Tuesday, February 10, 2009

Panel Recommends Ban on Fighting in Hockey

A panel has recommended the fighting be banned in hockey at all levels.

This was one of the recommendations made as a result of the Hockey Concussion Summit that was held last month in London, Ontario. The panel included the NHL, NHL Players Association, the Ontario Hockey League as well as several former NHL players including Eric Lindros whose career ended prematurely due to a concussion.

I am probably one of the few Canadians who didn't grow up a hockey fan. The constant fighting was a turn off for me. It seemed so gratuitous. Sure there are fights in other sports but they don't occur in every game. As the late Rodney Dangerfield would tell it, "There was a fight and a hockey game broke out." Fisticuffs are so ingrained in hockey that banning fighting would be like trying to box without throwing a punch.

Back in 1995, I interned for a British Labour MP named Jimmy Wray. He was a boxer before entering politics. During my stay in London there was a call by MPs to ban boxing in Britain. This was after a super middleweight fight between Nigel Benn and Gerald McClellan which I saw live on TV in a pub at the International Students House. Although McLellan nearly knocked out Benn in the first round it was Benn who ended up winning the fight and McLellan sustained brain damage losing his eyesight and most of his hearing. I remember telling people late in the fight that McClellan didn't look right.

Of course when MPs say that they want boxing banned they know it won't happen. But it will get them attention from the press. So Jimmy decided to organize a luncheon of MPs, Lords, members of the British Board of Boxing Control and boxing luminaries such as Prince Naseem Hamed, Frank Bruno and Frank Warren. Prince Naseem would later become a World Featherweight Champion while Bruno was a few months away from becoming the WBC Heavyweight Champion. Bruno is probably best known for having lost two fights to Mike Tyson. Warren was Britain's answer to Don King and in fact were business partners.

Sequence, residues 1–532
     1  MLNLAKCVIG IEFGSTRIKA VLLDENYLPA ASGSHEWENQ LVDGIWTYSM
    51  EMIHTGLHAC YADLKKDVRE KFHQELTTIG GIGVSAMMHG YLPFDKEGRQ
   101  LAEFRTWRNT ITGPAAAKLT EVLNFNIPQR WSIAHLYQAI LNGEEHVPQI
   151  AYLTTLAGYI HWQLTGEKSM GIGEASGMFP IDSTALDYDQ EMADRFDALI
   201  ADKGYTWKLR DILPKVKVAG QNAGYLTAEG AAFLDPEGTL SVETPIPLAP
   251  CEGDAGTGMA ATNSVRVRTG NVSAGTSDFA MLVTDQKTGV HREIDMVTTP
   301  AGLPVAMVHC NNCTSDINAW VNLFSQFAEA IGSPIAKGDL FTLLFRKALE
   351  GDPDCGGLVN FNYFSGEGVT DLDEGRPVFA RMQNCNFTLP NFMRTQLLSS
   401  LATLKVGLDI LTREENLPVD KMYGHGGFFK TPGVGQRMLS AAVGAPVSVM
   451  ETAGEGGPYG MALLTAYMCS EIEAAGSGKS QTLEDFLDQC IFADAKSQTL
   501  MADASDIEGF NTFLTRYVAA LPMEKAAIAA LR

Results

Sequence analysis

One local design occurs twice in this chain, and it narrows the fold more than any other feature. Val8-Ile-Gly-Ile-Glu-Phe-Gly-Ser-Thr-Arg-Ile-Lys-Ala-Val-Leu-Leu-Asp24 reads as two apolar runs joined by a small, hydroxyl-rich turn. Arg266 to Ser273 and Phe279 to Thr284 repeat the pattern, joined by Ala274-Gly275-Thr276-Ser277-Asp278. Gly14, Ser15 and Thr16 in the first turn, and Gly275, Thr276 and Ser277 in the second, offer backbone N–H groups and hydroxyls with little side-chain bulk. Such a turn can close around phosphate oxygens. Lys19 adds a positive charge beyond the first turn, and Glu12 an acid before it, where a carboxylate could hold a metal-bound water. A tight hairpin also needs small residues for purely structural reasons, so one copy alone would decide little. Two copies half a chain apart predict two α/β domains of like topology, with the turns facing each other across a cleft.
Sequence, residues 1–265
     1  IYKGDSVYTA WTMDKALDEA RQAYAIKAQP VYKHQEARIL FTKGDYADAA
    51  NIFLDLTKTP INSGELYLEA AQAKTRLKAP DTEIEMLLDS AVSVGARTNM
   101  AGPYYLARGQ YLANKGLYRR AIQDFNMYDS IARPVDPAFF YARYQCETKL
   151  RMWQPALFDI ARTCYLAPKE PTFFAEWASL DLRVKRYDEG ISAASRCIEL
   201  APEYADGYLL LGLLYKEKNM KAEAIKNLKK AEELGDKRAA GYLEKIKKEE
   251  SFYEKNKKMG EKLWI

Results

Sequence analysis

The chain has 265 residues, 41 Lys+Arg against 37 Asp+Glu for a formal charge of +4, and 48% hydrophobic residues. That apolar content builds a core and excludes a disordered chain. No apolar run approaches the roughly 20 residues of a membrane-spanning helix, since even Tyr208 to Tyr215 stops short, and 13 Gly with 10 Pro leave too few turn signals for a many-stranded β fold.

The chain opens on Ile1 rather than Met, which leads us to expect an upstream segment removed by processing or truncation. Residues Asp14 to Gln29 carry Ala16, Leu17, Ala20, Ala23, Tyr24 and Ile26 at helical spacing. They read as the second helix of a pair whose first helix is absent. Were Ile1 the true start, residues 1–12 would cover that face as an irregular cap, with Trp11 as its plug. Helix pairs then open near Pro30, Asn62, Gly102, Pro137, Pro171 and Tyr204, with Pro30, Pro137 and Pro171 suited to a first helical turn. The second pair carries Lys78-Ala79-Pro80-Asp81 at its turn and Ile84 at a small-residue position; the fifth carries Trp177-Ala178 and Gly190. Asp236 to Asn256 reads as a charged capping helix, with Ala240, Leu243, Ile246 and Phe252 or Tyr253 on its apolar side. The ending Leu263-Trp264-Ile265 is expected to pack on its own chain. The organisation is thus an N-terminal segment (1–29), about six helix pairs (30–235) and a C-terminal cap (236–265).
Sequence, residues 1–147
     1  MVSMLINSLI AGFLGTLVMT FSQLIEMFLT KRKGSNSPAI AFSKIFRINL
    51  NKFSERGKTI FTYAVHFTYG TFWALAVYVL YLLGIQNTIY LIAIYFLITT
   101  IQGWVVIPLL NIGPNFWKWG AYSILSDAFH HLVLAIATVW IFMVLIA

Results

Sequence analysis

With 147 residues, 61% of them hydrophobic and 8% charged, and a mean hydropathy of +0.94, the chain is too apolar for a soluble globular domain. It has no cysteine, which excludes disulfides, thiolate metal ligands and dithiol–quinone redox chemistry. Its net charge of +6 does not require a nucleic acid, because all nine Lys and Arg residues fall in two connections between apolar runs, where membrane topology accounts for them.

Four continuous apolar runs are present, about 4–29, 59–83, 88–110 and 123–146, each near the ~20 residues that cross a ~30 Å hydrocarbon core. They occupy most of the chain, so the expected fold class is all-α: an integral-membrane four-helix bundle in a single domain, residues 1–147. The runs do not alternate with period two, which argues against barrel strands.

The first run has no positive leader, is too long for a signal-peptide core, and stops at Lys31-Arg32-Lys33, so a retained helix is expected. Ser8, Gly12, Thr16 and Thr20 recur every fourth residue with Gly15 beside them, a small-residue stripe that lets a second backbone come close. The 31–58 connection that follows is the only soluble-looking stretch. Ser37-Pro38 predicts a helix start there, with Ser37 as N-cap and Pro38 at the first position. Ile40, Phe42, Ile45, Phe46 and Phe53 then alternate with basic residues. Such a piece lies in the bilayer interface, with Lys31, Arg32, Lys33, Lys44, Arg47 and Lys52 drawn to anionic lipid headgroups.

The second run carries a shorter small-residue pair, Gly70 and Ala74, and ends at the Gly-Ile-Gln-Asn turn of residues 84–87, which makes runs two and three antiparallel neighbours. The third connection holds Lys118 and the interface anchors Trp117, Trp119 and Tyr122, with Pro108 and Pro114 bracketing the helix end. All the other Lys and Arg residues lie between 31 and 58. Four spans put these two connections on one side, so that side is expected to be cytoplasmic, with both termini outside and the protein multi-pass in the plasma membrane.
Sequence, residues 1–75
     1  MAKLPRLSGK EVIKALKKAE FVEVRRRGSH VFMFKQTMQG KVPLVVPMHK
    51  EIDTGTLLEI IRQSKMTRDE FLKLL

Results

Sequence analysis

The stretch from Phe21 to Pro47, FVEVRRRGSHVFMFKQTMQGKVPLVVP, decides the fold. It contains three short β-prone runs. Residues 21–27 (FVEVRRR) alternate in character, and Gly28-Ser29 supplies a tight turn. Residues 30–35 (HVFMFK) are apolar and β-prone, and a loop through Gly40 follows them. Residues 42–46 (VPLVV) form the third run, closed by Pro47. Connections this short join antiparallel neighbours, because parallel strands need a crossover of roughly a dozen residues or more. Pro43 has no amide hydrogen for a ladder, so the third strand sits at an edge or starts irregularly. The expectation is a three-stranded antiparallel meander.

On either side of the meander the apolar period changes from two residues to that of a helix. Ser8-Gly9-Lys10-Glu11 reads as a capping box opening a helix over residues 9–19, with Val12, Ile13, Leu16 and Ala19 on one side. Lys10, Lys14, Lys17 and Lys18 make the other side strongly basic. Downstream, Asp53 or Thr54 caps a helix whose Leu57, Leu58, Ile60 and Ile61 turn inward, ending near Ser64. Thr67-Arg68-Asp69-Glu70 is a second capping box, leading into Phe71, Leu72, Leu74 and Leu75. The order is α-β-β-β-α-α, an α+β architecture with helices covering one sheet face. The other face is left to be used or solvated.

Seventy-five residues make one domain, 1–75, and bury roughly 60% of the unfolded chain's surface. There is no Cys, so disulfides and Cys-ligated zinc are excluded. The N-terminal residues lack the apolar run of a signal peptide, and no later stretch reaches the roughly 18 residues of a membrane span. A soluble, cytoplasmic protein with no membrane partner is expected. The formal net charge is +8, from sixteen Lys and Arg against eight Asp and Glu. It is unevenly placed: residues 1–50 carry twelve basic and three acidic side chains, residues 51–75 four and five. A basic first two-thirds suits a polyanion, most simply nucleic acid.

Boxing probably has a bigger following in Britain than it does in America. Needless to say the press was very interested in this luncheon because of Bruno and Naseem not because they were interested in seeing boxing banned much less wanted to see boxing made safer. Take it from me it's pretty challenging to get MPs, Lords and other luminaries in one place at the same time for a photo shoot but it got done.

There will always be risks in boxing. But I think the world is better off with it. Boxing gives young men (and young women) a sense of discipline. If you think boxing is an opportunity for bullies then forget it. The last thing any boxing club wants around is someone who thinks he's going to beat the holy hell out of everyone. There's hitting but there is a time and a place for getting hit.

I would find hockey more interesting without the fighting and I guess if I had to watch hockey I'd rather watch womens' hockey. But you can't eliminate fighting from hockey anymore than you can eliminate a brushback pitch in baseball. Sure I will go to a Bruins game once in a blue moon. When I go I know there's a reasonable chance there could be a fight at some point during the game. If you don't want to see a hockey fight then don't go to the arena or if you see it on TV then change the channel.

While I'm all for giving athletes as much protection as practically possible its delusional to think one can change the nature of hockey much less competitive sports. I'm sure the Hockey Concussion Summit does as well and in the name of eliminating cross checks are just looking for a headline.

No comments: